Costs relating to healthcare have a feature that is very different from that of virtually all the other services such as education, food, and clothing. This is the extremely high variability associated with these expenses. There are long periods when most individuals have predictable expenses which can be planned for through savings. However, there are times when some individuals face very high levels of expenditures, such when they get cancer or are severely injured in an accident. An important question that all societies need to answer is how will these expenses be paid for?
Economic theory indicates that expenses that have such an uncertain character are not best financed through savings and loans because those tools ultimately are limited by the life-time income and other expenses of that particular individual. Instead it suggests that since all individuals, including those that are completely well, face the possibility that they may need to incur such expenses at a moment’s notice, they will be better off if they paid a fixed sum of money into a pool on a regular basis, and relied on this pool to pay for these unpredictable expenses. Theory also argues that since almost all individuals don’t like risk, participating in such an arrangement will reduce the level of risk that they experience, and even if they never need to draw on the pool, they will feel better. However, despite the strength of the argument, the global experience is that most individuals do not spontaneously choose to participate in such an arrangement. There are a number of reasons for this, including poverty, and potentially the fact that evolution designed the human race to give little or no importance to the risk of falling seriously ill or dying sometime in the future. This is a core problem with which countries around the world have grappled.
In upper income countries the most popular solution has been to use payment of taxes as a pooling mechanism and then to offer free healthcare services to individuals when they need them. Unlike in India where only 15-20 percent of the health expenditure is met out of tax resources, in the US the number is 50 percent and in Canada and the UK it goes up to as high as 80 percent. Others, like Germany and Japan require employers to compulsorily deduct a certain portion of the employee’s salary and pay this into one or more pools of funds. These countries then use their tax resources to pay into these pools on behalf of those that are not able to pay because of poverty or unemployment, and to shore up pools themselves if, for some reason, they run out of money. Compulsory deductions account for close to 60-65 percent of health expenditure in these countries. India’s Employee State Insurance Scheme has a similar character but currently accounts for less than 1 percent of annual health expenditures.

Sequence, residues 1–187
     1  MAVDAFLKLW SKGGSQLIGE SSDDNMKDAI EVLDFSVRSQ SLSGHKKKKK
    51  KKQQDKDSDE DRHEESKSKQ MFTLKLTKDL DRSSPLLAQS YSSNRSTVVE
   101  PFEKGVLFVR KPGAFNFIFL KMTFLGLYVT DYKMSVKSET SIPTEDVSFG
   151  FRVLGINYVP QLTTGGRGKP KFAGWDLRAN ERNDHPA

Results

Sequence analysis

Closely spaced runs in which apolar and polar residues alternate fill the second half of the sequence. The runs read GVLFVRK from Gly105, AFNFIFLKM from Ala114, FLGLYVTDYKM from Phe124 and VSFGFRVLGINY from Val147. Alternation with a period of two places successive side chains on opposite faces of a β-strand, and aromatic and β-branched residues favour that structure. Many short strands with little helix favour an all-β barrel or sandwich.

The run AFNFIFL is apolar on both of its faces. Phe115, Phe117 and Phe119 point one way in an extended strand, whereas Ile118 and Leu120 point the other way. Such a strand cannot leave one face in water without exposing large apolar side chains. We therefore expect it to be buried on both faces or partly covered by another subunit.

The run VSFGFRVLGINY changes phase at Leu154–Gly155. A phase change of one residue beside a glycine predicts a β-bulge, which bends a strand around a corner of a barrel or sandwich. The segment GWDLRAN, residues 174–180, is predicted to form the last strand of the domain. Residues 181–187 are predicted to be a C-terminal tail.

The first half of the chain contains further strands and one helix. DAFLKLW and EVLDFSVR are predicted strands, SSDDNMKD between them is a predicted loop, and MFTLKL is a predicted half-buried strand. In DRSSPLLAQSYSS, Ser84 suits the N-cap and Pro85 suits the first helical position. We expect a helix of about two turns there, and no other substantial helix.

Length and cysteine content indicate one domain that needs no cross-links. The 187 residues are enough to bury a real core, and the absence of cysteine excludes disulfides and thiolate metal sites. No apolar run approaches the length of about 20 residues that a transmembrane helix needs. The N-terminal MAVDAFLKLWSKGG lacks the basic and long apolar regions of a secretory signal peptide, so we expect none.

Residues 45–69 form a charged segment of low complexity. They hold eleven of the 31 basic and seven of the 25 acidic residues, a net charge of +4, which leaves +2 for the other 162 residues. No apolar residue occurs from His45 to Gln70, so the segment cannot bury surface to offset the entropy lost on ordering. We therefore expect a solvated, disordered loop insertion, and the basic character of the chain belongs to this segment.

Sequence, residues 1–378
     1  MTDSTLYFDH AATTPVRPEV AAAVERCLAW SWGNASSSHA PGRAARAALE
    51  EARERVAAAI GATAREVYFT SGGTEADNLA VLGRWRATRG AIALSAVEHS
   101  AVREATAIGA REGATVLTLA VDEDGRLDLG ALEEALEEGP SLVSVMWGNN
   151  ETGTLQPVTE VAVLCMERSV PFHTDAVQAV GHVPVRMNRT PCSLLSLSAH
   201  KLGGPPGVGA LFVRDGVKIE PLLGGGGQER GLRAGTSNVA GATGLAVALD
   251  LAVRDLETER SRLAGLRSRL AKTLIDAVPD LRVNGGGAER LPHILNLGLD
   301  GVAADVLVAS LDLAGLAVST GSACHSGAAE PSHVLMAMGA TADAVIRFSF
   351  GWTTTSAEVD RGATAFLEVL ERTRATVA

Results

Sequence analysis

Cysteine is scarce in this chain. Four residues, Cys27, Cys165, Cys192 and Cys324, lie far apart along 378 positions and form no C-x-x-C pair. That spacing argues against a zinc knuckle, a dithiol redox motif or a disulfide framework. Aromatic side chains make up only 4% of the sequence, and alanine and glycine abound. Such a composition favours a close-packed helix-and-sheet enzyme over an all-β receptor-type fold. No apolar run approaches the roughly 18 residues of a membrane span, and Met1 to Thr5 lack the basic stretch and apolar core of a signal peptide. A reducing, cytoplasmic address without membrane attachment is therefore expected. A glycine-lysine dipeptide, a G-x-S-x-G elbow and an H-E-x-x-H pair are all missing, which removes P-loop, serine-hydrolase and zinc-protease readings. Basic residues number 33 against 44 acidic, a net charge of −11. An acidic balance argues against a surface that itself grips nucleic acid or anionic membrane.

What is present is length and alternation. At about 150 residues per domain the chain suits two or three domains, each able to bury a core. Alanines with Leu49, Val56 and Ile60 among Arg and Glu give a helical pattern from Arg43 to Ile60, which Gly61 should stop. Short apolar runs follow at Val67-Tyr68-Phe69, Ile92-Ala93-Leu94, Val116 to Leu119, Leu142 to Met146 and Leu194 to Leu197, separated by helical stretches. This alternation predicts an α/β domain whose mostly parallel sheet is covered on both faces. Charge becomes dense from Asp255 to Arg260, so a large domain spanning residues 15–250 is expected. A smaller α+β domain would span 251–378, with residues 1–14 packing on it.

In Asia, Malaysia seeks to rely principally on tax resources. South Korea’s National Health Insurance system has more than 350 not-for-profit health insurance societies for 3 different types of insured persons: industrial workers, government employers and teachers, and self-employed workers, all of whom have to compulsorily pay-in to these pools to get the benefit. China uses a combination of enhanced tax-based funding and the pooling of funds across four major insurance schemes for, i) urban sector workers in formal employment and in the government; ii) informal and non-working groups in urban areas especially pensioners and children; iii) a rural health cooperative scheme; and iv) the Medical Assistance program for the poor and vulnerable groups to supplement the basic package. Other countries in the region, Philippines, Indonesia, Vietnam, and Mongolia, have established a single national employer based program as a way to pool funds. African countries such as Ghana and Rwanda have experimented with a combination of strong government interventions to expand tax-based and contributory risk pools simultaneously, to make substantial progress.
Economic theory makes it clear that some form of pooling is essential for all countries to meet the highly variable components of health expenditures and to make them affordable. Experiences of different countries however suggest that each one will have to approach it based on its own unique context. For India it is very likely that a combination of Asian and African models will be most relevant because it does not have either the tax base or the formal sector employee base of the Europeans and the Canadians.
The article was originally published in Hindustan Times on July 12, 2018